Ah, who can express it! Infinite variety, unceasing change, all these pictures following quickly upon and, as it were, growing out of one another. Innumerable points of this vision, I have forgotten. All the splendor and magnificence of the Temple, the richly ornamented wall before which Mary was standing—all grew dark and somber. The whole Temple disappeared, for Mary and her glory alone was visible.
In this vision, symbolical of Mary’s spiritual signification, I saw her not as a child, but full-grown. She hovered in the air. And through and through the vision, I still saw the priests, the incense offering, and everything else. Then the priest at the altar appeared to prophesy, and to call upon the people to thank God and to pray, for that great things were to come upon the child. The crowd in the Temple, greatly awed—although they had not seen the vision that I saw—maintained a solemn stillness. The vision faded away just as gradually as it had unfolded. At last, the Mystery of the Ark of the Covenant shone again in its glory over her heart, and the child once more stood there alone in her rich attire.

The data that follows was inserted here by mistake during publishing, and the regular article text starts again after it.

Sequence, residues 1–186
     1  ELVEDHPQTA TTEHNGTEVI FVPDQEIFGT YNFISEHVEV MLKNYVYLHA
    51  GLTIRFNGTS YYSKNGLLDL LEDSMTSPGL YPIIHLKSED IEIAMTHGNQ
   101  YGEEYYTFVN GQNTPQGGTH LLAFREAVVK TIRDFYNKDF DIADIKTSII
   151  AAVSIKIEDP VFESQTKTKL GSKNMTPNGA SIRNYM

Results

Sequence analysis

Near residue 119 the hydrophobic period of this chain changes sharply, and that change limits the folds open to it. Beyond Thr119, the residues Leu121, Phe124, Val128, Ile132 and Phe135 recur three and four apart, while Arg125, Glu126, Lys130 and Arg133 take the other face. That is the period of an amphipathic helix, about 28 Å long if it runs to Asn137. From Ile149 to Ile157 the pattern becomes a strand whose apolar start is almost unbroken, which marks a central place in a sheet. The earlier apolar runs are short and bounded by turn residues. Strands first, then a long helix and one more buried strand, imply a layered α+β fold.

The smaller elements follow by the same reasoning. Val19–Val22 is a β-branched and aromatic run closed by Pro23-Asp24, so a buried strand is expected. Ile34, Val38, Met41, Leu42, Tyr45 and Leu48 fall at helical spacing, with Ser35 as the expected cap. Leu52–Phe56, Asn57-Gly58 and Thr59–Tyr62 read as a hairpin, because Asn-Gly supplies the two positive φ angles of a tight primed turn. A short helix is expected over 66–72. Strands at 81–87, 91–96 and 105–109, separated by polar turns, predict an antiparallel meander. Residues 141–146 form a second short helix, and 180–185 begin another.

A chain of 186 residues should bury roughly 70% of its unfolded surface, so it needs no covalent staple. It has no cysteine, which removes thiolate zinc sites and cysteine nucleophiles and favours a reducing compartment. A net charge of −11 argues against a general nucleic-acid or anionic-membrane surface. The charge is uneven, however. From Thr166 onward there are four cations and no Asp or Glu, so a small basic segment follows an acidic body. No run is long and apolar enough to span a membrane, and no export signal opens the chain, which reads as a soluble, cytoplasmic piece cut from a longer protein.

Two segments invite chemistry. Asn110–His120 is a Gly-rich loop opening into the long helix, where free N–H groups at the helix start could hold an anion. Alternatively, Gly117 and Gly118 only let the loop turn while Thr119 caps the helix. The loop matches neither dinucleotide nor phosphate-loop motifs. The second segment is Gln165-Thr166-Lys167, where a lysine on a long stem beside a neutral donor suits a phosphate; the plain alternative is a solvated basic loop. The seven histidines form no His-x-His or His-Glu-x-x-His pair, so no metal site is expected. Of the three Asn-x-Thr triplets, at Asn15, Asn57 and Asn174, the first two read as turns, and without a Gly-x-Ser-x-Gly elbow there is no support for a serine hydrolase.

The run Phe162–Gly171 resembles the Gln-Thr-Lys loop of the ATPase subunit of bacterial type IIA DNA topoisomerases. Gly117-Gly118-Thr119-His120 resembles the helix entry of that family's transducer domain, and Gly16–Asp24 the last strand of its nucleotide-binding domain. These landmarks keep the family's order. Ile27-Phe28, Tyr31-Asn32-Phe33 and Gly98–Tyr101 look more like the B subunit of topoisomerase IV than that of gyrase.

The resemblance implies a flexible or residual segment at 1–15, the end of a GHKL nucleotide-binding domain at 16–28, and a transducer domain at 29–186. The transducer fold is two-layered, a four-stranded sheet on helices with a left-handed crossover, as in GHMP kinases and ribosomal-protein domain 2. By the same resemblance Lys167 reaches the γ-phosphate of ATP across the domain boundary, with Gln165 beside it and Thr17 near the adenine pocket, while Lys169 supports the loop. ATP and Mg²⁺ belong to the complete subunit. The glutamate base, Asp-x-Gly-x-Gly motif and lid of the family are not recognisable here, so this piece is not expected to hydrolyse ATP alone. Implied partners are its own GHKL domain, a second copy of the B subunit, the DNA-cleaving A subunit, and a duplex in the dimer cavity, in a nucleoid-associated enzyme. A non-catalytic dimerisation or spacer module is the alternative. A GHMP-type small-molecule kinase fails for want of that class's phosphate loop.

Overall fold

Then the priests, among whom Zachary was one of those standing on the lower steps, led Mary down by the hand. One of them took the light from her and the little garlands off her arms, and handed them to the other girls. Mary was then led through a door into another hall where six other Temple virgins, their mistress Noemi, (who was the sister of Lazarus’s mother) Anna, and another female met them and scattered flowers before her. To them the priest delivered the child.
When the singing was ended, Mary look leave of her parents. Joachim was especially affected. He took the little child up in his arms, pressed her to his heart, and said weeping: “Remember my soul before God.”
Mary now accompanied the women and children belonging to the Temple to their dwelling on the north side, from which passages and winding stairs led up to little chambers adjoining the sanctuary and the Holy of Holies, where they went to pray. The others (that is, Mary’s relatives and friends) returned to the apartments near the entrance, and took a repast with the priests, the women apart. There were still in the Temple some devout adorers. Many had followed the procession to the entrance. There were numbers among those present who knew that Mary was a child of promise in her family. I remember, though not distinctly, that Anne had dropped some such expressions to her friends as: “Now does the vessel of the Promise enter the Temple. Now is the Ark of the Covenant in the Temple.” It was by a special manifestation of the Divine Will that this feast was so solemnly and magnificently celebrated.